The Board of KCETLink, licensee of public TV station KCET, and the Los Angeles Unified School District Board of Education, licensee of PBS member station KLCS, approved a memorandum of understanding to move forward with a channel-sharing partnership in an effort to participate in the FCC's incentive auction. The two stations will share one 6 MHz channel, and the 19.39 Mbps of bandwidth available.
The last time I was in Los Angeles I noticed KLCS was running four standard-definition channels; KCET had one 720p HD channel and three standard-definition channels. Since the programming will be different on all channels and is unlikely to include sports, I can see this working, although I expect there will be times, assuming both stations keep all their program streams, where perceptive viewers may notice some artifacts. By using the latest MPEG-2 encoding technology with statistical multiplexing, the bandwidth can be assigned to the program stream needing it most. Extra bandwidth is often needed during transitions from scene to scene, but if the programming on the eight subchannels is different they shouldn't have a problem giving up bandwidth to the program needing it the most.
KCET currently transmits on UHF Channel 28 with an ERP of 220 kW. KLCS transmits on UHF Channel 41 and has an ERP of 1,000 kW. The station's announcement didn't say which one will give up their channel.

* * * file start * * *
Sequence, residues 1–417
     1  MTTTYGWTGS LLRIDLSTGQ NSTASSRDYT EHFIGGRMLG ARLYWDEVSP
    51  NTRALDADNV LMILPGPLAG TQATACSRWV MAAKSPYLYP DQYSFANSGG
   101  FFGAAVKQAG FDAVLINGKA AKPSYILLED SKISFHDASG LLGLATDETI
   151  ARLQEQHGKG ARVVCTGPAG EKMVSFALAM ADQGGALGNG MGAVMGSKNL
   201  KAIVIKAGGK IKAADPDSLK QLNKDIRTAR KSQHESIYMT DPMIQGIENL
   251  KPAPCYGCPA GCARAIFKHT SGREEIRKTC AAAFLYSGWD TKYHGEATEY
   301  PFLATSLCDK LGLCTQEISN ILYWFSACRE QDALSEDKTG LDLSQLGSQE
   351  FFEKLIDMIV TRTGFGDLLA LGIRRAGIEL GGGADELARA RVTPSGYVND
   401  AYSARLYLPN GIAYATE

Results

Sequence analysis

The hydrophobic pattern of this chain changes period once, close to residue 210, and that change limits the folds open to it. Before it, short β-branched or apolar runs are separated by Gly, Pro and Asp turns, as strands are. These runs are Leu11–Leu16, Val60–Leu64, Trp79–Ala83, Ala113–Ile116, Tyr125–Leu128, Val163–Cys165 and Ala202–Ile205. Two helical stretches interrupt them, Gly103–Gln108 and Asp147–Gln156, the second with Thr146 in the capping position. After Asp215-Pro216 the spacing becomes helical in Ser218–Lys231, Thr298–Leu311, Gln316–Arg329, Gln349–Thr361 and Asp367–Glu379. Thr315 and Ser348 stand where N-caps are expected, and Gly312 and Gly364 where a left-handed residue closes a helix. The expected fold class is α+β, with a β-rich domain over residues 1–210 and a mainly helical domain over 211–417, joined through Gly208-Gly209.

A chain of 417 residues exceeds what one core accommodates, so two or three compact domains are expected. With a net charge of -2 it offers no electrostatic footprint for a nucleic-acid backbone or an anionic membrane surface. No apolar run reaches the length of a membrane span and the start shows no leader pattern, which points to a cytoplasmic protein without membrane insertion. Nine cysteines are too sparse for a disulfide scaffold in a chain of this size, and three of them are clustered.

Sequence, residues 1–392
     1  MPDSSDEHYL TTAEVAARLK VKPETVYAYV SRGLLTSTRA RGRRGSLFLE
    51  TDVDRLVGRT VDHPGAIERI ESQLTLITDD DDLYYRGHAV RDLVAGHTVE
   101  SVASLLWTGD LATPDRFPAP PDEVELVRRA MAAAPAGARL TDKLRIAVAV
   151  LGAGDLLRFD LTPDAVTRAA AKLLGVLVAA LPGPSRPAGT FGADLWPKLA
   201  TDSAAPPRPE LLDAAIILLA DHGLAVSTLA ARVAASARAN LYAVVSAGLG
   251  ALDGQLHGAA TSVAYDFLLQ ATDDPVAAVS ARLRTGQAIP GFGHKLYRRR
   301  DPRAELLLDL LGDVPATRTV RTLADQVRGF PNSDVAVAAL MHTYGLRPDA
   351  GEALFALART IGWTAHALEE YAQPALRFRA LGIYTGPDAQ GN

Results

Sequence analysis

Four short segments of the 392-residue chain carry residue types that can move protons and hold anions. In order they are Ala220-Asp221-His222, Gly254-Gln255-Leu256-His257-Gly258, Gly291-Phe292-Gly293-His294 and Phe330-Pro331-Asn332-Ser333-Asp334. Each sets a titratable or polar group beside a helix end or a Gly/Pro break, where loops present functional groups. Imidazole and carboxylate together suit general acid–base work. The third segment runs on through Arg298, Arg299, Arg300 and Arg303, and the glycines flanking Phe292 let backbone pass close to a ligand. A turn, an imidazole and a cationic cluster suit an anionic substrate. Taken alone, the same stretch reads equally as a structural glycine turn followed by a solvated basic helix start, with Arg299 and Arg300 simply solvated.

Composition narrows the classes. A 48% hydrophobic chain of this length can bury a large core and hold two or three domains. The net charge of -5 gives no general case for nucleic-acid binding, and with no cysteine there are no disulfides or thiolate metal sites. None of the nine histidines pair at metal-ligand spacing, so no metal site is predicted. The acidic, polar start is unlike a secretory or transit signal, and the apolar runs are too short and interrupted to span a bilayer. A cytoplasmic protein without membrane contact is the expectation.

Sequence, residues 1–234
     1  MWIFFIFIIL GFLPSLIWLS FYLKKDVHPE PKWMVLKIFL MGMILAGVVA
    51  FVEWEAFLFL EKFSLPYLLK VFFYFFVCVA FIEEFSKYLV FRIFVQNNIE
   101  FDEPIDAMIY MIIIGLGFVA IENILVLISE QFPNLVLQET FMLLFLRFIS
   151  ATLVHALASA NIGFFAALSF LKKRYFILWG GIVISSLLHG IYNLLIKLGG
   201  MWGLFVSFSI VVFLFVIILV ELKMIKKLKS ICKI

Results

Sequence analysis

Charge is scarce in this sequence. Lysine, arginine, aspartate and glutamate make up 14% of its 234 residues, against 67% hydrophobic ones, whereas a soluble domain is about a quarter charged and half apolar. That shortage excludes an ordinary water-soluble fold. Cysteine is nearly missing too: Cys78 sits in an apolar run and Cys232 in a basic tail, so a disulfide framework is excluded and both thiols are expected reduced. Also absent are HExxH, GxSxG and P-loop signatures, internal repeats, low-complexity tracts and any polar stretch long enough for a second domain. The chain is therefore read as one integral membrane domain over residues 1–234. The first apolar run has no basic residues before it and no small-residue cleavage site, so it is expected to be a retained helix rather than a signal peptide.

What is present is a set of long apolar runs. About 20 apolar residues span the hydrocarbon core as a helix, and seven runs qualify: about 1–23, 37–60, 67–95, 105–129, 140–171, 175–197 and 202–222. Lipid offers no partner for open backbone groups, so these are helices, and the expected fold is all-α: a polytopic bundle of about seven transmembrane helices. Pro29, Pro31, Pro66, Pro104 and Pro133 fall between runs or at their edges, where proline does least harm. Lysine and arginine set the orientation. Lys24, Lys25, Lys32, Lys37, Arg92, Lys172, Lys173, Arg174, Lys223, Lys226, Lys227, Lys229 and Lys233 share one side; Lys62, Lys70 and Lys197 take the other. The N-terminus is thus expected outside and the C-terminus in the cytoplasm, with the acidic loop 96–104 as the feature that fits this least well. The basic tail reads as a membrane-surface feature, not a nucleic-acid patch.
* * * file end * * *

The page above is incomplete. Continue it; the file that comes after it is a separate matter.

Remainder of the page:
Los Angeles has three public TV stations and I appreciate that obtaining funding to keep all three on the air is difficult. When I'm passing through Los Angeles I enjoy catching programs on all three stations—KOCE, KLCS and KCET. I hope this spectrum sharing agreement will allow those programs to continue!
FCC Chairman Tom Wheeler commented, “I’m pleased Los Angeles stations KLCS and KCET have reached an agreement to share spectrum following the first-ever incentive auction. When I visited KLCS last spring, I was impressed that channel-sharing worked so seamlessly and opened the door to new business models for broadcasters. It’s a compelling opportunity for broadcasters to continue their existing business on a shared channel, and take home a check for the spectrum they relinquish in the incentive auction. It is my hope that other broadcasters give it careful consideration as well.”
Doug Lung is one of America's foremost authorities on broadcast RF technology. He has been with NBC since 1985 and is currently vice president of broadcast technology for NBC/Telemundo stations.
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